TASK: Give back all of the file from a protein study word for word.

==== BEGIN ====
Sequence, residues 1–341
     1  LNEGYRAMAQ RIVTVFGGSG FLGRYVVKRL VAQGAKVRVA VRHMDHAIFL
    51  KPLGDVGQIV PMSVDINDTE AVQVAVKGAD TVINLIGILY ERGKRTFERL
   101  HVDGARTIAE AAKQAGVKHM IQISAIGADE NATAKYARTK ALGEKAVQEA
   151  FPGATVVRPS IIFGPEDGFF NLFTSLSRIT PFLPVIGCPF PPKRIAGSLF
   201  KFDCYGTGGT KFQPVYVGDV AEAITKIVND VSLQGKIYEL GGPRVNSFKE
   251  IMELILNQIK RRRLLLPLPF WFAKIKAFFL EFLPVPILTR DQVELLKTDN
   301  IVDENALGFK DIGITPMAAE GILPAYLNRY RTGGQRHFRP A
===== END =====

Sequence, residues 1–341
     1  LNEGYRAMAQ RIVTVFGGSG FLGRYVVKRL VAQGAKVRVA VRHMDHAIFL
    51  KPLGDVGQIV PMSVDINDTE AVQVAVKGAD TVINLIGILY ERGKRTFERL
   101  HVDGARTIAE AAKQAGVKHM IQISAIGADE NATAKYARTK ALGEKAVQEA
   151  FPGATVVRPS IIFGPEDGFF NLFTSLSRIT PFLPVIGCPF PPKRIAGSLF
   201  KFDCYGTGGT KFQPVYVGDV AEAITKIVND VSLQGKIYEL GGPRVNSFKE
   251  IMELILNQIK RRRLLLPLPF WFAKIKAFFL EFLPVPILTR DQVELLKTDN
   301  IVDENALGFK DIGITPMAAE GILPAYLNRY RTGGQRHFRP A